So that’s the plan: Find out what is essential. Everything else gets confiscated.

An Open Letter To CVS

April 24th, 2011

Dear CVS,

I hate your stores so, so much. This bitter hatred is not the result of one bad experience on a Sunday afternoon. This hate is the result of hundreds upon hundreds of bad experiences throughout my entire life. I try to live with one simple credo: “Can we not go to CVS?” As a result, every single day I do not go to CVS is an unqualified success, and yet: I will still occasionally find myself at a CVS.

Your garbage stores sicken the spirit as they weaken the soul. They are jam-packed full to the top of the absolute worst low-quality crap merchandise our world has to offer. Your employees come to work to engage in one specific activity all day long: shirking register duty. When they are not shirking register duty, they are running in the back for register tape.

I will not sign up for your incredibly annoying ExtraCare card, no matter how much you wish to sell my personal information to your off-brand Vietnamese DVD player-making business partners. It does not matter if you mark a candy bar up to $1.25 if I don’t use the ‘savings card’; I’ll take the hit, just so you don’t get the pleasure of selling my mailing address and Dorito preference to the Raytheon corporation.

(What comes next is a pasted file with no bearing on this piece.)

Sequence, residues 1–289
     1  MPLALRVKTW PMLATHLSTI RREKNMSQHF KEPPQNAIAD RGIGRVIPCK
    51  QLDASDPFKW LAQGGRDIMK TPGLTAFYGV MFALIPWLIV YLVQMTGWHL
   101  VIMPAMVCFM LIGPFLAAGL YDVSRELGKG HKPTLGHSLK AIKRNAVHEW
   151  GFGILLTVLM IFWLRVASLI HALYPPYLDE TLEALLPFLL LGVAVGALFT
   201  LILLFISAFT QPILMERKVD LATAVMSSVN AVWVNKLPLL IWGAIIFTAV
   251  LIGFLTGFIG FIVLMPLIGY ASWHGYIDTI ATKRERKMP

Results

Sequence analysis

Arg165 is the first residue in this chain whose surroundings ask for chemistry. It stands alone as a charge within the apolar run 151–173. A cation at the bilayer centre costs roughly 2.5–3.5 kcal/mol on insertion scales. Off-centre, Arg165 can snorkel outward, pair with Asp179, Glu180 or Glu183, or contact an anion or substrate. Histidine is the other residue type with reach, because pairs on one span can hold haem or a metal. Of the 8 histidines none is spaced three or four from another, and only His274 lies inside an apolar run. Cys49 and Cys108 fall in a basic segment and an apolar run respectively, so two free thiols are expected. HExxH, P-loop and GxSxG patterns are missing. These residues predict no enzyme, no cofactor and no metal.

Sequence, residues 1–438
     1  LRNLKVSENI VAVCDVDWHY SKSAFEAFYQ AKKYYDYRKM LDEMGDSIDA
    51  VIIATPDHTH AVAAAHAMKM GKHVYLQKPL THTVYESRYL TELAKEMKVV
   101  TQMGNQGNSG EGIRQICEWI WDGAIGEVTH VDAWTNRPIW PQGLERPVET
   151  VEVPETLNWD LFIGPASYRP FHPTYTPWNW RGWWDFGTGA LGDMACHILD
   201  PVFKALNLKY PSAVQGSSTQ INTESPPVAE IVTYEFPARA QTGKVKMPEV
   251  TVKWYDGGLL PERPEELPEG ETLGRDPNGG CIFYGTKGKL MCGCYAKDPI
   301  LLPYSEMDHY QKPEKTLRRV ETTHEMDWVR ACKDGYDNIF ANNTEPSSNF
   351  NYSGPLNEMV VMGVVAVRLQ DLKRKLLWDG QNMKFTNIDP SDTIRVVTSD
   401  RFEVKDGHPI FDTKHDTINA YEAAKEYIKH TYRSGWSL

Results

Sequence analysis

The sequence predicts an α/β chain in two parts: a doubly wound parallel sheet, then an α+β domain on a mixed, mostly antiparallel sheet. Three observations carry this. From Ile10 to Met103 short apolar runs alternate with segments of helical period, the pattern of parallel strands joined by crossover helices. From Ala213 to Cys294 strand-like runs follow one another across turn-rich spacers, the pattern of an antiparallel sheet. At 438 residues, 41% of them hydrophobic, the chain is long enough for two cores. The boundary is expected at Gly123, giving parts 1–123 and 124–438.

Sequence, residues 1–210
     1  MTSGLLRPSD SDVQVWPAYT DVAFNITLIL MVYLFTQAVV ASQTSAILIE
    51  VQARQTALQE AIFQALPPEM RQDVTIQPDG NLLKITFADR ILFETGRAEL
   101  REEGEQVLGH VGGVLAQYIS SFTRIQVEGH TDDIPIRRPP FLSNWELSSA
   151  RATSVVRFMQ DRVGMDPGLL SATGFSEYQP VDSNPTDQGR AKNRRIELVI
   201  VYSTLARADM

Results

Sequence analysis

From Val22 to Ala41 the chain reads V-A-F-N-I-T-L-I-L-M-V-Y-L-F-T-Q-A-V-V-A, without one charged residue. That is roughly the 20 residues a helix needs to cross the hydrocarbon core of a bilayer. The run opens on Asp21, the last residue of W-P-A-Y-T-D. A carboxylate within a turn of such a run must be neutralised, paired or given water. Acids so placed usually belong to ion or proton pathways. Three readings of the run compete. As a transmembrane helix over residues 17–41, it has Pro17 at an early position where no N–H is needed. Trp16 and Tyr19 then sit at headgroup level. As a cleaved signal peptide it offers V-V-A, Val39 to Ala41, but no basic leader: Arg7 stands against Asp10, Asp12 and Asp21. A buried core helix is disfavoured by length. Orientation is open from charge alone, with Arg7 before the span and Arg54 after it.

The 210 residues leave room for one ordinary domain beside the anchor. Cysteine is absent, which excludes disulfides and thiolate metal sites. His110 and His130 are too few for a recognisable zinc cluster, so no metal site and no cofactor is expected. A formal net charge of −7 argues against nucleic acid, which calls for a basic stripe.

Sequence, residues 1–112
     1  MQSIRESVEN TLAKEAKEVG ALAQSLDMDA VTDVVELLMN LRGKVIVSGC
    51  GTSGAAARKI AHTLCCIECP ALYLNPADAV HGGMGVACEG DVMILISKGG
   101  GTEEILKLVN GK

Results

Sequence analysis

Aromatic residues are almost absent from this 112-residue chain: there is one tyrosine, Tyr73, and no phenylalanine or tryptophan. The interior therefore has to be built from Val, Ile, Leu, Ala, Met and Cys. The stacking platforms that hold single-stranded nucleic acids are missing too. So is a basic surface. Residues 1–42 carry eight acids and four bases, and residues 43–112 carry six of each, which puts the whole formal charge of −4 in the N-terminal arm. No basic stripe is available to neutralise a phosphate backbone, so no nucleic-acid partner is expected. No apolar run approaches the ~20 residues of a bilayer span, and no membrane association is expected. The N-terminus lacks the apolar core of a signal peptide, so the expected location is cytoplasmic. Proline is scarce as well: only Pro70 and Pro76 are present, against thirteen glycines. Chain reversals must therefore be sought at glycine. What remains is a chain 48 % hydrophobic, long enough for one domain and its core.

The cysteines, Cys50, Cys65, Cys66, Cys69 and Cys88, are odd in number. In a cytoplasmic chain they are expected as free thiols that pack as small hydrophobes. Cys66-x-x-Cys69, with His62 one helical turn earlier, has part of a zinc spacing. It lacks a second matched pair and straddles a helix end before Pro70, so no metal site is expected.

Let me ask you this: Why does it take up to and including 35 minutes to check-out of a CVS? What secrets of the retail check-out have your competitors mastered that remain so utterly mysterious to you? It certainly does not help that your customers have to self-organize into their own queue lines up front, jockeying for position among a throng of other simmering pools of resentment. We are forced to gaze mindlessly upon the broken film development stations, the mp3 playing keychains, the diet soda coolers, Nicorette gum displays, and piles of US Weekly magazines until we catch the attention of one of the glassy-eyed register workers — I’m sure if you felt you could get away with dangling lip baum canisters from the ceiling on strings, you’d try it. We shift uncomfortably as we consider the pros and cons of self-medicating our current situation with a Butterfinger bar.

There is invariably a pause as the register workers try to determine who will be unlucky enough to man the additional registers, and who will get to hide in the supply closet pretending to find register tape. Eventually, the choice is made and the call goes out: “I can take you over here,” and the herd shifts over. But somehow, the situation does not improve; the throng self-organizes into a line that is exactly as long as before.